Tuesday, November 25, 2014

December 2014 Bulletin:
Christmas Fellowship

Lead article from the November 2014 bulletin, online now

Can you believe the fraternal year is half over already? Wow does time fly and our council has been very active yet again. We had a huge hand in building a new rectory for our priests, coat drive and we did a spaghetti dinner fundraiser for a fellow Knight. The youth had the soccer challenge, All Saints party and the St. Nicholas party is coming up. We did overnight adoration for the confirmation students retreat. We marched in 3 parades this summer, and made it through the storms during Albertville City Days. The trees are coming in for the tree lot and we are gearing up to start shortly, which will take us up till Christmas.

Let us not forget to keep Christ in Christmas; we need to help make sure the youth of our community don’t forget that it’s not all about just getting and receiving presents. I have to say our council does an excellent job of being active, visible and a positive influence on the youth of our community. Let us continue to be outspoken about our beliefs and support our faith.

Our next meeting will be an open meeting and we will be bringing back the wine tasting. So don’t forget to invite your spouse or significant other. We will have a shorter business meeting and get you to the sampling. It should be a good time and best of all you won’t have to listen to me fumble through a whole meeting!

Hope you all have a safe and joyful Christmas and a happy New Year!

God Bless,
Jim Wiegers
Grand Knight

Tuesday, November 4, 2014

November 2014 Bulletin:
Work, Pray, Love

Lead article from the November 2014 bulletin, online now

So this month I took the easy way out and found an article that I thought was appropriate with the elections coming up and  with what has happened the last few years in society.

Work, Pray, Love: Archbishop Chaput's advice for modern Christians

“Religious believers should acknowledge that they are now 'strangers' in U.S. society, in part because of their own failures, but should nevertheless work for renewal and worship God with joy”, said Philadelphia Archbishop Charles J. Chaput.

“Our job is to be the healthy cells in a society.  We need to work as long as we can, as hard as we can, to nourish the good that remains in our country – and there’s a deep well of good that does remain – and to encourage the seeds of a renewal that can only come from our young people.”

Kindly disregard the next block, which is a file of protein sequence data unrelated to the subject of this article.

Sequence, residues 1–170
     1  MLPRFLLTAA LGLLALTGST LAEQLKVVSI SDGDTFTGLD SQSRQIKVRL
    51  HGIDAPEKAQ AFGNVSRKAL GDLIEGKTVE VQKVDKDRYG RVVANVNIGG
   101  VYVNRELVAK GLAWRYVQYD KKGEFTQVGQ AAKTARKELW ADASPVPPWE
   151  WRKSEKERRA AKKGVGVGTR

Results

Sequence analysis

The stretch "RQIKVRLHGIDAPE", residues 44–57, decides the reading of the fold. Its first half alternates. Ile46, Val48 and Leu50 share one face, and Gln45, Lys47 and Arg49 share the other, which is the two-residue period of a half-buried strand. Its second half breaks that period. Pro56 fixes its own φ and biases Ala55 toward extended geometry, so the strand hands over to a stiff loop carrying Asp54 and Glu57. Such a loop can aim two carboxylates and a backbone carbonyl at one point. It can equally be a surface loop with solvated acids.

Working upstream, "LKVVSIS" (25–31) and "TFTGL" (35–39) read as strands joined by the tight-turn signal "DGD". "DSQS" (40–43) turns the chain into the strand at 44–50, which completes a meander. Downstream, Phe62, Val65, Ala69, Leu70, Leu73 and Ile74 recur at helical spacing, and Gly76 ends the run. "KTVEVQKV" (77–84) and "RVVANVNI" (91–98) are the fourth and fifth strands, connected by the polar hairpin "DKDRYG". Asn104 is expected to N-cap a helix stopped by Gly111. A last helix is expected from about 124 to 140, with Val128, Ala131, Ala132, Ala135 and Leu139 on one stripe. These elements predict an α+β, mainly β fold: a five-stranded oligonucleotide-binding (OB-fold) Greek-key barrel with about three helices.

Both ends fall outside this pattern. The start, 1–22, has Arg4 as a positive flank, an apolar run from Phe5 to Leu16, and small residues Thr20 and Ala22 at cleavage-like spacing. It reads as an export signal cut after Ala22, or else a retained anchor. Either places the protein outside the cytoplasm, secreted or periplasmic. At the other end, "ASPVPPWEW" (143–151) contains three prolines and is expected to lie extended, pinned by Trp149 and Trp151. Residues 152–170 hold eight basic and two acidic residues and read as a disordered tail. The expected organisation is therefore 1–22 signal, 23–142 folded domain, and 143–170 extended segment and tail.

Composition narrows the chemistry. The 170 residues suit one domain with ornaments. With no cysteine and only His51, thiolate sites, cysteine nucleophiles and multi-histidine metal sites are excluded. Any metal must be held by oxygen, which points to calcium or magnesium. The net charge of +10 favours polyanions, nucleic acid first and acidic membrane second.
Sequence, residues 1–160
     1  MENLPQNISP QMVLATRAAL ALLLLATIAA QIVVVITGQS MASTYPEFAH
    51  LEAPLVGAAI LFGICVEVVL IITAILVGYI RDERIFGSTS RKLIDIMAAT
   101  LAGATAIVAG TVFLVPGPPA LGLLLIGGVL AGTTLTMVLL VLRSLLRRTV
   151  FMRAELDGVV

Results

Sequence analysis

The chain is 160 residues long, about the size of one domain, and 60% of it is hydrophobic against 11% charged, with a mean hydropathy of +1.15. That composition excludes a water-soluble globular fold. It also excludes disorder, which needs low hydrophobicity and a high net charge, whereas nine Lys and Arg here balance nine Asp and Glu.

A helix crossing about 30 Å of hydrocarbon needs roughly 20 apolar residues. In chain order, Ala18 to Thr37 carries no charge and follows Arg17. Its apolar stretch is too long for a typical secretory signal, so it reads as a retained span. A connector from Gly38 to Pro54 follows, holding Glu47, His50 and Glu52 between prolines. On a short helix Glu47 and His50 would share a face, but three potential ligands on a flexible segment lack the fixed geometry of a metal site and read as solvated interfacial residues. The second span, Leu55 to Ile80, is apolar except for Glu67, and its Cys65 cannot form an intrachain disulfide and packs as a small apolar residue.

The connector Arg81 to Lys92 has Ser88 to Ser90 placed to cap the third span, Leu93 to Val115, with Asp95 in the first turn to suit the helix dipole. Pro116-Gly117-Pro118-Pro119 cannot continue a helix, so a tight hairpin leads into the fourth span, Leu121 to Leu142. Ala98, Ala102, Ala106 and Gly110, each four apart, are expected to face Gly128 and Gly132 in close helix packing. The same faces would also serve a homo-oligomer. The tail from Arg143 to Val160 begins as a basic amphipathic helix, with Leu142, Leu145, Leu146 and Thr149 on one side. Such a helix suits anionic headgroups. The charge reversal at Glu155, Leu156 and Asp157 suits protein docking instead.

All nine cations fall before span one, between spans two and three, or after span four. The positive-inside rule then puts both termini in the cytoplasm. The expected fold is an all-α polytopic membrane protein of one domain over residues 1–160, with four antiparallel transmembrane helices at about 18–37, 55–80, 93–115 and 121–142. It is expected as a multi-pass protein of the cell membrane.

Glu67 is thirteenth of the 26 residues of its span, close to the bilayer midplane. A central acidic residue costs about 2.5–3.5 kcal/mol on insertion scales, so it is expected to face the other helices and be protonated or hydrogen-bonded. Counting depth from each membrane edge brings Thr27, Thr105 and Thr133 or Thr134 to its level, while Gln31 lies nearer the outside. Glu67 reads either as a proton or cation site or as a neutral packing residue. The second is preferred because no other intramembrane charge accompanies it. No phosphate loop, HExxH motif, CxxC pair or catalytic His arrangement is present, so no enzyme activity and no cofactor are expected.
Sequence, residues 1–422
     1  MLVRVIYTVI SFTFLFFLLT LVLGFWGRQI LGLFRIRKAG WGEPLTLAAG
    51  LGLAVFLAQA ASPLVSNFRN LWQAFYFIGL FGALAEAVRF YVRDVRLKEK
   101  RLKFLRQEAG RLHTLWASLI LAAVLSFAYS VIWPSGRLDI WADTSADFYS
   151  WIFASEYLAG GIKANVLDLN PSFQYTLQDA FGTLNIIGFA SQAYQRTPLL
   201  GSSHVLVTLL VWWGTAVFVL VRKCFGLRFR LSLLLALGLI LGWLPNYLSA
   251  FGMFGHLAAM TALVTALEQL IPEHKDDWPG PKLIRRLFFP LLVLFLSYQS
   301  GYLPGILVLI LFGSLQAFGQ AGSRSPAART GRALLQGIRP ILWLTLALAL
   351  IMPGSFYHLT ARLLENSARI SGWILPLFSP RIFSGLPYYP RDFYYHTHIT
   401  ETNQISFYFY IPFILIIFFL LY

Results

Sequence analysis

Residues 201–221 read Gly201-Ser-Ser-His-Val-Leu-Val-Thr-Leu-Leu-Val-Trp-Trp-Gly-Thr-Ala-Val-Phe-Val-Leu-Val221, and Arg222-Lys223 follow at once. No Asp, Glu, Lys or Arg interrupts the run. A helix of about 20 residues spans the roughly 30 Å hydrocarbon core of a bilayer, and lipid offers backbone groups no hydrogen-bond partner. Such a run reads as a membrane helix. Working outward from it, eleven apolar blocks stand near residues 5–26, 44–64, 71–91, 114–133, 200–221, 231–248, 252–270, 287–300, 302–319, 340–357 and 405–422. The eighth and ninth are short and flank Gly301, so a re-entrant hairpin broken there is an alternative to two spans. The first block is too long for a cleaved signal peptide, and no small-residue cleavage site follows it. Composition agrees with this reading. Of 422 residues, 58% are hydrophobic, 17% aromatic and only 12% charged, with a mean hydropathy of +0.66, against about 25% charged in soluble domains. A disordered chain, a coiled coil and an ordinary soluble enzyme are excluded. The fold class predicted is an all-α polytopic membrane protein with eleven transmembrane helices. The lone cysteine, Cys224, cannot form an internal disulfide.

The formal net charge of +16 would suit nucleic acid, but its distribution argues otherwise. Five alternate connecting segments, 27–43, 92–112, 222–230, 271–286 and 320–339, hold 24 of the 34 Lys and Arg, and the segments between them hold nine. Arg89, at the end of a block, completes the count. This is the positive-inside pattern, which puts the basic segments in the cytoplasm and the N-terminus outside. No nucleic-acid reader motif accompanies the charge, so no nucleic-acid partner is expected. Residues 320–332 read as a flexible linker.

Archbishop Chaput’s comments came in his Oct. 20 Erasmus Lecture, a webcast event sponsored by First Things Magazine and the Institute on Religion in Public Life.

“We should hope because God loves us.  And that’s more than an empty piety,” the archbishop said.  “The proof of it is sitting right next to you in the friends who believe, as you do, in the goodness that still resides in American life, and who want to fight for it.  In Christian belief, God’s Word became flesh and dwelt among us. The world changed.”

“Our job is to echo his Word by helping our witness become flesh in the structures, moral imagination and bloodstream of the world around us,” he added.  “If that happens, the world will change again.”

The archbishop reflected on the many changes in American society.  The title of his speech, “Strangers in a Strange Land,” alluded to the estrangement of religious believers who “once felt rooted in their communities” but now feel “like strangers, out of place and out of sync in the land of their birth.”

He said “the biggest failure, the biggest sadness, of so many people of my generation, including parents, educators and leaders in the Church, is our failure to pass along our faith in a compelling way to the generation now taking our place.”

“If we want to change the culture of a nation, we need to begin by taking a hard look at the thing we call our own faith.  If we don’t radiate the love of God with passion and courage in the example of our daily lives, nobody else will – least of all the young people who see us most clearly and know us most intimately.”

“But the real problem in America in 2014 isn’t that we believers are foreigners.  It’s that our children and grandchildren aren’t.”